Obama administration aims for bottom-up approach to creating global standards for protection of IT and critical infrastructure.
Since last year, the National Institute of Standards and Technology and George Mason University, in Fairfax, Va., have been building the foundation on which future Google AndroidÂbased tablets might be used by the government.
“We had to take a commercial smartphone and re-engineer it,” says Jeff Voas, a NIST computer scientist on the project. NIST and George Mason settled on Android because it’s an open platform that they could rebuild and tailor to their security requirements. “And we’ve done nothing that restricts this technology from moving to Android tablets,” Voas adds.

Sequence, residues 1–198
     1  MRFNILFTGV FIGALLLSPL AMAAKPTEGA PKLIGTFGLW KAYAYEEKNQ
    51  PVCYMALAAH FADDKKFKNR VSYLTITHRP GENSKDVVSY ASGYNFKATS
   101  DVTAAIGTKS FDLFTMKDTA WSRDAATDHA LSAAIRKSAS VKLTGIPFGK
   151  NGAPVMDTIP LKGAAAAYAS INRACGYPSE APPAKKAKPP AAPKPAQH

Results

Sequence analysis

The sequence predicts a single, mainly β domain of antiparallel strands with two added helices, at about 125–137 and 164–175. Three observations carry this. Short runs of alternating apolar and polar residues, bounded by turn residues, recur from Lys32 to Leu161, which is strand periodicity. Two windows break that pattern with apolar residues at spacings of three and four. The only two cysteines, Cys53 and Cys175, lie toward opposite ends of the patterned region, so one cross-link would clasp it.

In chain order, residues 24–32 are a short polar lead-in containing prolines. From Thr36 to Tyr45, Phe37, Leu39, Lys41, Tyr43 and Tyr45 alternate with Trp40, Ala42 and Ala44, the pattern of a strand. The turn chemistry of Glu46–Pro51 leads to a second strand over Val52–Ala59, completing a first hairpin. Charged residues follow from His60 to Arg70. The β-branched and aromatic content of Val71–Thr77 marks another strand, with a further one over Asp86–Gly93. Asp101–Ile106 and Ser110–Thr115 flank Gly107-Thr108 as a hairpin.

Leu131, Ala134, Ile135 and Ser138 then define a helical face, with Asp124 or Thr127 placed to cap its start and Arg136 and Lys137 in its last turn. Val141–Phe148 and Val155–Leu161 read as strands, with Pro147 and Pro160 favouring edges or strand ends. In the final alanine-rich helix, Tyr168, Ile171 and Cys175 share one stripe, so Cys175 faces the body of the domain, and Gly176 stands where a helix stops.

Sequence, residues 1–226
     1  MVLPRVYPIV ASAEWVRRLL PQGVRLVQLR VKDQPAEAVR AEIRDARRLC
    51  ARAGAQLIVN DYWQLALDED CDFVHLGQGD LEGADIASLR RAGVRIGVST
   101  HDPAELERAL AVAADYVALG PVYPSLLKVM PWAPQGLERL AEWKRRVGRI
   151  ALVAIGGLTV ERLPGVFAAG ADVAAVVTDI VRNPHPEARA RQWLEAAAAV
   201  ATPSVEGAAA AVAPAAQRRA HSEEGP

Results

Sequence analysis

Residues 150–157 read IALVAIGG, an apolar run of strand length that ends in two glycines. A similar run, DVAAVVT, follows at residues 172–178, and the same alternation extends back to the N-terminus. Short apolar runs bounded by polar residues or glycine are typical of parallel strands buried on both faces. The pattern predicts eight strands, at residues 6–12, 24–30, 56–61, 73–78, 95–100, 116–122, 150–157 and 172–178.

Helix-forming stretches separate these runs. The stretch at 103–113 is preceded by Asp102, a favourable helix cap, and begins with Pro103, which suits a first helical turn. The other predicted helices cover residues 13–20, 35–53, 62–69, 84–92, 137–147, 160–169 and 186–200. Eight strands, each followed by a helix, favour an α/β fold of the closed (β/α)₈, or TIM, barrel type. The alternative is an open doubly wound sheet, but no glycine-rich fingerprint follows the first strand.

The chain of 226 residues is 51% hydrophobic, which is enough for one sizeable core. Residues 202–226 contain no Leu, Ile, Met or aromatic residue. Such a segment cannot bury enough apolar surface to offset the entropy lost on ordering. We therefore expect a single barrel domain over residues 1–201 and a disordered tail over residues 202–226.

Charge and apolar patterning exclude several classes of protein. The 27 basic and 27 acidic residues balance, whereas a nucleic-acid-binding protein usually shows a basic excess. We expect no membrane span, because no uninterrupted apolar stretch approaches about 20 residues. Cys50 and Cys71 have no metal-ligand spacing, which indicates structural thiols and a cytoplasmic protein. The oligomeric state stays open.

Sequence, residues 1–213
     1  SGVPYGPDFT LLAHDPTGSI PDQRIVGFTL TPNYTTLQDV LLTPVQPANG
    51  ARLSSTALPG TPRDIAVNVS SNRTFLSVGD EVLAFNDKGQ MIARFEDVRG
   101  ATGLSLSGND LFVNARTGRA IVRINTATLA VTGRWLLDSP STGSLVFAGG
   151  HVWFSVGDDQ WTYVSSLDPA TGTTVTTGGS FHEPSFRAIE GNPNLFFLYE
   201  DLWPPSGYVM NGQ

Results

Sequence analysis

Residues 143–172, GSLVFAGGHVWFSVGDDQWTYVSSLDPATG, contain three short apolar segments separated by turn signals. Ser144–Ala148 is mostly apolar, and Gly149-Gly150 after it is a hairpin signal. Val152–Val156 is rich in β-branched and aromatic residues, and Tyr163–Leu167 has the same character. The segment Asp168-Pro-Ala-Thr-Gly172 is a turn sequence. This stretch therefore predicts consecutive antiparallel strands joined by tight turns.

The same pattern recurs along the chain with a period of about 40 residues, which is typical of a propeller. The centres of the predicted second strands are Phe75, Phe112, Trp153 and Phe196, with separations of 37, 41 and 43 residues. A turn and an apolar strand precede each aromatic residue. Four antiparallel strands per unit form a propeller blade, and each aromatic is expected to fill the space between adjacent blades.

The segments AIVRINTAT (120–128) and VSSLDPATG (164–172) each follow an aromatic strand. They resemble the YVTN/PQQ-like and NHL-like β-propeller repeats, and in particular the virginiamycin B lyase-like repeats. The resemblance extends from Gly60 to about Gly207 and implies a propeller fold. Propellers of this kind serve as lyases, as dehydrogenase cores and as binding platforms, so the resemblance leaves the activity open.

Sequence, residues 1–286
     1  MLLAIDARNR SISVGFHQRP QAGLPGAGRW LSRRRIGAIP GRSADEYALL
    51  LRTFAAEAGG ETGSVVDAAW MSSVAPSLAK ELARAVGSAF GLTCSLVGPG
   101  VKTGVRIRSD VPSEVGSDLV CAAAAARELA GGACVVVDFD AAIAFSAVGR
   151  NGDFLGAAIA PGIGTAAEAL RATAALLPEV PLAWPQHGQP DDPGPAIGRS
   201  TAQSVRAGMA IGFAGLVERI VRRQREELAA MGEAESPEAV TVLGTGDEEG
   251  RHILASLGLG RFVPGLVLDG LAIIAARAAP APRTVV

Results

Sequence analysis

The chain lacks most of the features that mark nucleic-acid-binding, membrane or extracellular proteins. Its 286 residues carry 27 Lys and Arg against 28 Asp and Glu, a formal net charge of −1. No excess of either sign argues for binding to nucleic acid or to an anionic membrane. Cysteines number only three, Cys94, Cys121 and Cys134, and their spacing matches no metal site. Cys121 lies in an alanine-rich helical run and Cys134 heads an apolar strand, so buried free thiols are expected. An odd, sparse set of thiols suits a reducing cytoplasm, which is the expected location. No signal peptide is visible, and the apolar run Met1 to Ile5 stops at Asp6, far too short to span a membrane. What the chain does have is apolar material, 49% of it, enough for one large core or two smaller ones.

The result is a mobile operating system that is a hardened version of the original Android OS. It has been tailored to the security requirements of agencies without rendering the hardware device unusable. Too much security can have an adverse effect on performance and user experience, Voas says, so engineers focused on minimizing other resource hogs, including the device’s screen and its wireless radio.
“You can disallow an app from continuously monitoring the wireless connection or leaving the screen on too long,” he says.
As part of the program, NIST engineers also are working with partners to create an app-testing portal where independent developers can submit software to be thoroughly vetted by NIST and George Mason. “NIST requires source code for testing; GMU can test Android binaries,” Voas says.
Between them, NIST and George Mason have pored over about 130,000 Android apps, he says. “And as long as Android is the underlying system for future tablet platforms, we can support them with a just few tweaks when a new device becomes available.”